Agricultural technology is a trending area for investment these days, but private equity firms looking to enter the sector successfully may need to tweak their typical strategies.
Broad factors like climate change and population growth create a compelling overall backdrop of increasing demand for ways to use land more efficiently. Shifts in consumer tastes toward healthier, local and organic options are also leading the industry to adopt new technologies—from greener crop-protection solutions to improved traceability of food after it leaves the farm.
Increasing venture capital investment and accompanying financial support for nascent agricultural technologies could result in more opportunities for private equity firms. But ownership and direct management of companies involved in crop production involve particular risks and require specialized skills and experience. For example, owning a milk producer that packages and distributes its own products requires the ability to manage not only facilities but also processing plants and distribution networks.
“INVESTING IN THE SUPPORTING ECOSYSTEM OF AGRICULTURAL PRODUCTION, AS OPPOSED TO FARM OWNERSHIP AND MANAGEMENT, MAY PROVE MORE SUITABLE FOR PRIVATE EQUITY MANAGERS IN THE SPACE.”
Private equity funds should be prepared for investment timelines that often exceed their typical holding periods. Exit opportunities vary considerably and can be especially sporadic based on the segment of agriculture, particularly those that rely heavily on natural resources or land use. Seasonality and protracted commodity cycles both play a role in the timing of exits.
A good example is the buyout of Nutrition Physiology Company by The Halifax Group, UNC Kenan-Flagler Private Equity Fund, Salem Halifax Capital Partners and New Canaan Funding. The group held the company for eight years before selling in 2016 for $185 million.
Investing in the supporting ecosystem of agricultural production, as opposed to farm ownership and management, may prove more suitable for private equity managers in the space. From investing in sustainable food chain technologies to providing growth capital for scaling enterprises, there is no shortage of approaches.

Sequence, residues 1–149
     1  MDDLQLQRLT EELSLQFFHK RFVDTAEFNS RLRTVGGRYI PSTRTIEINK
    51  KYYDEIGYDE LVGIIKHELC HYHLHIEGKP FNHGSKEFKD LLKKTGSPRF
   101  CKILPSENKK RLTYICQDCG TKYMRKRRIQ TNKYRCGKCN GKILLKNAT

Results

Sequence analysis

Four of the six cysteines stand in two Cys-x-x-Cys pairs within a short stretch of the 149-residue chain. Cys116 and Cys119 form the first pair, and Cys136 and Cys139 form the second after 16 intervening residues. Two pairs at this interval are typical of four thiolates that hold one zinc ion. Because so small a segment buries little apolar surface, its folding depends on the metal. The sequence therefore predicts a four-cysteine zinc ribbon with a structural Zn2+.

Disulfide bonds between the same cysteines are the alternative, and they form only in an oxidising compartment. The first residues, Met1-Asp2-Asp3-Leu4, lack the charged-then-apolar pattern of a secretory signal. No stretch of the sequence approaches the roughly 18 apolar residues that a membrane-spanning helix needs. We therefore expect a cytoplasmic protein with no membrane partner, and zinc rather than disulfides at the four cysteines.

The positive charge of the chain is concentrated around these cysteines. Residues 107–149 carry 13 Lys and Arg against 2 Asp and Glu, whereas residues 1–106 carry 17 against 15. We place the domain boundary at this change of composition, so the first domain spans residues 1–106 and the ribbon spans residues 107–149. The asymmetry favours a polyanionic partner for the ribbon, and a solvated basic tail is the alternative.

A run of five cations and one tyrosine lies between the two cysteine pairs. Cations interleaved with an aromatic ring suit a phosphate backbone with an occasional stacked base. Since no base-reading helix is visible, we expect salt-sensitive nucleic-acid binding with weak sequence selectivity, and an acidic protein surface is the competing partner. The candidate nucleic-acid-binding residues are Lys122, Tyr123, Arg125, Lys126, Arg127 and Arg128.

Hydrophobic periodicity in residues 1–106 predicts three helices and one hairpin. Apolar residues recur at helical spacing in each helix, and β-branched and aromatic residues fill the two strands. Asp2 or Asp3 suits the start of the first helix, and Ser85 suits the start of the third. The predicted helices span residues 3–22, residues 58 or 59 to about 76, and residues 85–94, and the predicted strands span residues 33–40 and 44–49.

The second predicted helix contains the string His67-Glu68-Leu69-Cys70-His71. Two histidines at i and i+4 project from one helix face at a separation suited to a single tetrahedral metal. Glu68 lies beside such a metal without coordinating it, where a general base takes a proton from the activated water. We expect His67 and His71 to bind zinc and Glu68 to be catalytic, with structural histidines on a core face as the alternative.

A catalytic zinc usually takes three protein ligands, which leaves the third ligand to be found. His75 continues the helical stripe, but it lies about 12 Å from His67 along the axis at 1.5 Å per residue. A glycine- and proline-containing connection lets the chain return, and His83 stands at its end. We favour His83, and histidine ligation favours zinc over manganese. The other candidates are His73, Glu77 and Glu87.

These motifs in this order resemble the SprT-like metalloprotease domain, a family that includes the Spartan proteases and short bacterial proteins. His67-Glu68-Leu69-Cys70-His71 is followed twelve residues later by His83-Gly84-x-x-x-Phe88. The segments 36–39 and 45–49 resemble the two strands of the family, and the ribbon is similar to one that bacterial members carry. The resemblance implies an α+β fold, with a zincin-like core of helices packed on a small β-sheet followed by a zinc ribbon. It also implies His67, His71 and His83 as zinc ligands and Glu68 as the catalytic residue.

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These strategies can give investors exposure to businesses that develop the tools and technologies used by agricultural producers. Depending on the size of the enterprises or target markets, companies with more diversified lines of business (think of a farming operation that develops some of its own manufacturing equipment) can also fall within PE investors’ purview.
Business-to-business aspects of the space, such as seed production and equipment, are currently popular among investors. Based on PitchBook data, U.S. PE buyouts in the realm of agriculture and related segments have largely centered in the B2B segment, accounting for 42.7 percent of all activity since 2014. Software suites and services dedicated to agricultural use cases, such as assimilating and applying data generated by livestock monitoring equipment, are also attracting capital.
As methodologies and new types of data packages grow more robust and the price of miniature sensors drops, we’ll likely see increased interest in companies employing these technologies to make things like farm management and livestock monitoring more efficient.
Many of the investment themes that are prevalent in today’s private equity landscape carry over to the agtech space as well. Add-ons are common in response to a climate of high valuations. We’re seeing secondary buyouts, too, showing the depth of PE ownership in certain sectors and the segmentation of strategies among smaller firms that pursue small enterprises to build via platform tuck-ins, growing them to a size where larger buyout shops step in.
It’s logical that add-ons or pure growth investments are happening within niches of the agtech space, given the fragmented market for things like tillage systems or monitoring equipment. One relevant example is Tru-Test, which manufactures products for electronic identification and weighing of livestock. Australian private equity firm Kestrel Capital earlier this year committed additional capital to increase its stake in the company.
This edition of “Midpoints by John Gabbert” originally appeared in the Fall 2017 issue of Middle Market Growth. Find it in the MMG archive.